In Hot Water Over A Coffee Order

Click To Read
Side 2
Side 1 says... My folks text from a coffee shop, offering to bring us something. He says, "Order me a mocha or a latte or something." I relay this exact information: "He says a mocha or a latte." They bring him a mocha, which he drinks happily...UNTIL he finds out that they, not me, actually picked the specific drink. He then yells at me that I broke an agreement and betrayed his trust because I didn't do exactly what he asked, we get into it for over an hour, and he ends up leaving for the evening because he's so angry.

I saw to it that he got an acceptable drink. I don't see why he's so concerned with how I went about it. He says he was counting on me to personally pick something he'd like...well, I may know him, but I know nothing about lattes; I've been to this place maybe twice whereas my folks go all the time; he already narrowed it down to two choices he'd be OK didn't even occur to me that leaving the decision to someone better informed would be a big deal.

He says I'm an idiot and it should've been 100% clear that I had to be the one to choose. I say it's open to interpretation and his anger is over the top and unjustified. Help.
Added by mosaic (female)
Side 2 says... On the surface, this appears to be a petty, pathetic argument over a tasty free mocha that amounts to a rather large waste of time for everyone involved; my apologies. This argument, however, doesn't involve coffee: it involves the trust and responsibility inherent to an agreement of any size or level of importance.

I was asked if I would like something from a coffee shop. I then said, thinking out loud, that I didn't want black coffee or something like an espresso, following up with, "[Wife's name], WILL YOU order me a mocha or a latte or something foo-fooey?" My wife said, "sure."

I asked my wife if she were willing to order a sweet drink for me, and she said she would. I didn't entrust this decision to her parents, someone at the coffeeshop, or anyone else: I entrusted the decision to my wife. If she didn't want to have the responsibility of ordering for me, all she had to say was that she'd rather not, or that I should tell that (i.e mocha, or latte...) to her parents, or place my own order, etc.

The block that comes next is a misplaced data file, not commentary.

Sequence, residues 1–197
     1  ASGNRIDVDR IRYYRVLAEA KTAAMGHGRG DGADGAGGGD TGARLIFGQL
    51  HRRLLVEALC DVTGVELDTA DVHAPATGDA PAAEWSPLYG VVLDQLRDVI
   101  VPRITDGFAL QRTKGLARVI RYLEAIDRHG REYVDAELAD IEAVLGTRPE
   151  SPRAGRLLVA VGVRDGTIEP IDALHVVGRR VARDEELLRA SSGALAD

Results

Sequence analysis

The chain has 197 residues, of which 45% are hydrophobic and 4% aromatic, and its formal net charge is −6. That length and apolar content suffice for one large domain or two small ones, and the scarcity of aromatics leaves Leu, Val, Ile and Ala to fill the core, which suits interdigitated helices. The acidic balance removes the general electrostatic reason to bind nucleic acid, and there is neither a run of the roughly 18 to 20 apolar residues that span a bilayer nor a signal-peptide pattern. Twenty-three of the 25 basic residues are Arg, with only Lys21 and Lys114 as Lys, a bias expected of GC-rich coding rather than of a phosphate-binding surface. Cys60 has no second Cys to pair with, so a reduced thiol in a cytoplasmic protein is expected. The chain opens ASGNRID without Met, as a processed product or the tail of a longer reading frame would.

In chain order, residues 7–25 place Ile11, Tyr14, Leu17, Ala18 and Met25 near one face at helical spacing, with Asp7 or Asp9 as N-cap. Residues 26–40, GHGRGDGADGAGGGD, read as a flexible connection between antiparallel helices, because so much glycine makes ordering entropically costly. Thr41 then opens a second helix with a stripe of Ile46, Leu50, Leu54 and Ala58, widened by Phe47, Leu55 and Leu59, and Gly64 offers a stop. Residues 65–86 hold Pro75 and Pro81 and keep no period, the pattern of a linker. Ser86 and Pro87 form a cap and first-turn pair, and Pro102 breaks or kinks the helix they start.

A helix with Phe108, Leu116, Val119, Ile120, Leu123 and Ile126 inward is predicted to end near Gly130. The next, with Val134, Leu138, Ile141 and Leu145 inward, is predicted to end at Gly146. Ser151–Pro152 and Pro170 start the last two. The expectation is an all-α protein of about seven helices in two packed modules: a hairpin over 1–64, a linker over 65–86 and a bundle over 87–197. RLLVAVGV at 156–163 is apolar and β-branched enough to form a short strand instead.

The sole issue, for me, is that I asked if SHE would do something for me, SHE said she would, and then SHE didn't do what she said she would do. When we were discussing this issue after the fact of whether or not an agreement was made, she said that her response of "sure" to my question of "WILL YOU" did not constitute an agreement that she would do something for me.

This event has shaken my trust in my wife. If I directly ask someone "will you do [insert a request]" and they say they will do/fulfill [said request], then I believe an agreement was reached and that person will do/fulfill my request. If they say they will and then they don't do/fulfill the request, then I hold that person responsible. In my experience, this is how social structures, which are based on trust and resposnibility, work in intimate, interpersonal, and professional realtionships.

I am completely open to being wrong that a person assumes the responsibility to do/fulfill a request when they say they will do something, and I am equally open to the perspective that I shouldn't lose trust in my wife because saying Yes to a request doesn't mean anything (i.e. I should've placed my own order).

So, Internet, please mediate for us and, if this was not in fact an agreement where I placed my trust in another person who willingly chose to accept a responsibility to do/fulfill, then please tell me what does make an agreement between two people.

"If you are faithful in little things, you will be faithful in large ones. But if you are dishonest in little things, you won't be honest with greater responsibilities."

Thank You
Added by RationalINTJ (male)
Voting Has Ended
Copy The Code Below To Embed This Side On Your Site


Will AI take your job this year?
Find out